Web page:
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Master of the Senate by Robert A. Caro
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's review
Nov 01, 2011

it was amazing
bookshelves: american-history-post-ww2-to-reagan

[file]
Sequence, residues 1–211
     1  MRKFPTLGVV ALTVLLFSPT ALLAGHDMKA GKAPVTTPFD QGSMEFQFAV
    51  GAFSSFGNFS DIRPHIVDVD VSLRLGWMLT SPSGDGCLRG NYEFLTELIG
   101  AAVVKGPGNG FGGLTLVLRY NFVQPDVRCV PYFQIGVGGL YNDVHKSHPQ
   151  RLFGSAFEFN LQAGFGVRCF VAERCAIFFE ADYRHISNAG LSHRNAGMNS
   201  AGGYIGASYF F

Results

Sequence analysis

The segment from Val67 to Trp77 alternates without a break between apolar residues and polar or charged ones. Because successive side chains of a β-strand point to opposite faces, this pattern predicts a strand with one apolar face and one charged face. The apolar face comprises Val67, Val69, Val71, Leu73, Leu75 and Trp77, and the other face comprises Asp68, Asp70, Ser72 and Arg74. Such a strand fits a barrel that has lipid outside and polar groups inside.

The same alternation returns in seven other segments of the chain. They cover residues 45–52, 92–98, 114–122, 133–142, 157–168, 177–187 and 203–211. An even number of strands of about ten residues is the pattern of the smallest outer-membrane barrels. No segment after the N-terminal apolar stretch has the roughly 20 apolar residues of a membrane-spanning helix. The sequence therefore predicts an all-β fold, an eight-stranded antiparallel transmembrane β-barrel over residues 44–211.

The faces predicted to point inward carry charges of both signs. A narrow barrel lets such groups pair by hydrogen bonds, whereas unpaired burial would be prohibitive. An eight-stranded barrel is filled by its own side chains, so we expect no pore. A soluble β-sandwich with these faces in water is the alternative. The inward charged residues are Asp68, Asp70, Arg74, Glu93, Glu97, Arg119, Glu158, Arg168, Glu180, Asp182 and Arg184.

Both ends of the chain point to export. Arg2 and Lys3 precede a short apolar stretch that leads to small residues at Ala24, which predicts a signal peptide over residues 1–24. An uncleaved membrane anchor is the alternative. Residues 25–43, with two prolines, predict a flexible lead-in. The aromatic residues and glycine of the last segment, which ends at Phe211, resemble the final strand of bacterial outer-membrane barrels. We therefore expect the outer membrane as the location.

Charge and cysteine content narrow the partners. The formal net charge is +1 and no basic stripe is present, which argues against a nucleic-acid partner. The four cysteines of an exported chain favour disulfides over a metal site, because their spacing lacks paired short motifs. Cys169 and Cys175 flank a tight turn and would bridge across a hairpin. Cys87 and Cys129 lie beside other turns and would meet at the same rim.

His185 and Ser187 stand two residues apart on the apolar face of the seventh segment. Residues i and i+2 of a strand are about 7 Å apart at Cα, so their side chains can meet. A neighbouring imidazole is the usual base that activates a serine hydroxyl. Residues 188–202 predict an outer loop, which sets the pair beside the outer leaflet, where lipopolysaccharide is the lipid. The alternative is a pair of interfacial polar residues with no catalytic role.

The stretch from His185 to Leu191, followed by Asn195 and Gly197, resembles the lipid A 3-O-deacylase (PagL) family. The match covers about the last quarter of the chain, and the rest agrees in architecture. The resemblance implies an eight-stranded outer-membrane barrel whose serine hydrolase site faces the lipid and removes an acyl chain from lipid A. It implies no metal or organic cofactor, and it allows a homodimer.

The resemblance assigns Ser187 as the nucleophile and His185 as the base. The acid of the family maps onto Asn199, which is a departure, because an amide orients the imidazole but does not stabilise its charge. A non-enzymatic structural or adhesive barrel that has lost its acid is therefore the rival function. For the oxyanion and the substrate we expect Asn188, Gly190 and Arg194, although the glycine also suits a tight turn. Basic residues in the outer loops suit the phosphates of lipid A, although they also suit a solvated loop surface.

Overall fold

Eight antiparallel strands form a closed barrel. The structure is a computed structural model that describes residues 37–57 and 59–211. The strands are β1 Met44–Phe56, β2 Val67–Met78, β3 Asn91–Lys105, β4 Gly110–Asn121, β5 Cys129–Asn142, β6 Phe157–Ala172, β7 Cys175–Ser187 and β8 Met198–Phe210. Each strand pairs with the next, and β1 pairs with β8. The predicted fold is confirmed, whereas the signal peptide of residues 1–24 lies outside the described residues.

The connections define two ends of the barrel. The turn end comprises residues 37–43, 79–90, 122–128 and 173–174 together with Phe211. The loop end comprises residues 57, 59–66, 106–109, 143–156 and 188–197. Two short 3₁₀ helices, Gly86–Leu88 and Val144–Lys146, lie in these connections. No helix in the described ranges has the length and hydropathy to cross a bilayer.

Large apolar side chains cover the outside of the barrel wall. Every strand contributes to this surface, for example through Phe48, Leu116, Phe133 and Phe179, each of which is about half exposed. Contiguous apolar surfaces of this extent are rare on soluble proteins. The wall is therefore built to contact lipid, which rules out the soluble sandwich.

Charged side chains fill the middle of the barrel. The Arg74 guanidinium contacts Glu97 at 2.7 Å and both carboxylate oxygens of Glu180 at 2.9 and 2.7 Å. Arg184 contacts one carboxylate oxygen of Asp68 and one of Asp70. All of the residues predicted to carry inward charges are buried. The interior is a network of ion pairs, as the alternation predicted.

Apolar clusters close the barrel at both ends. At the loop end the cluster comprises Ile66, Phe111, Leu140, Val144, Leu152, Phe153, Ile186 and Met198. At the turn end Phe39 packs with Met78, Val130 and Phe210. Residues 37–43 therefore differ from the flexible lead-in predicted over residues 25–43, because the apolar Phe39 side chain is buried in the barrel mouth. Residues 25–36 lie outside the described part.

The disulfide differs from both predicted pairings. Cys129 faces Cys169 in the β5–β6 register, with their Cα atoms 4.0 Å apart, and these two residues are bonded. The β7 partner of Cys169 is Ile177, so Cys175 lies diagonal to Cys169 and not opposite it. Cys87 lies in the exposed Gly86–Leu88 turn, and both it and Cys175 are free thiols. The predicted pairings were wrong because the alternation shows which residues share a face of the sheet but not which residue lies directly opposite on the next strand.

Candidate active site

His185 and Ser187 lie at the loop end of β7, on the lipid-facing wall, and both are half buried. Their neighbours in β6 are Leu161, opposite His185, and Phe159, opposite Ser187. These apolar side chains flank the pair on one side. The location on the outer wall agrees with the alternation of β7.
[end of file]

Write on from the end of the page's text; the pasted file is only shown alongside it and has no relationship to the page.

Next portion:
The third installment of the years of Lyndon Johnson takes readers deeper into his character and reveals an interesting time in United States history. The first 100 pages of this book are an overview of the Senate's history and Caro tries to show how tradition bound the Senate is. Lyndon Johnson's battles and dominance over men are shown once again and this time he appears a little more likeable. Johnson is still cold and calculating and hard to like but he is looking more human. His stance on civil rights is purely political but you can see some compassion when he feels groups are mistreated. The battles of the South, west, and northern liberals in his own party are fascinating to read about. Caro has as always done his homework and his efforts to show you how even a simple water rights bill impact civil rights are well illustrated. It is over 1000 pages of readable material so this is not for the faint of heart. If you do undertake to read the book however you will not be disappointed. LBJ's hopes at the 1956 convention are dashed when the convention nominates Stevenson yet again and he is unable to secure the VP post. This book ends before the 1960 convention but does show his last year's in the Senate where LBJ returns to his old ways of dominating men. Overall this was an excellent book and very enjoyable.

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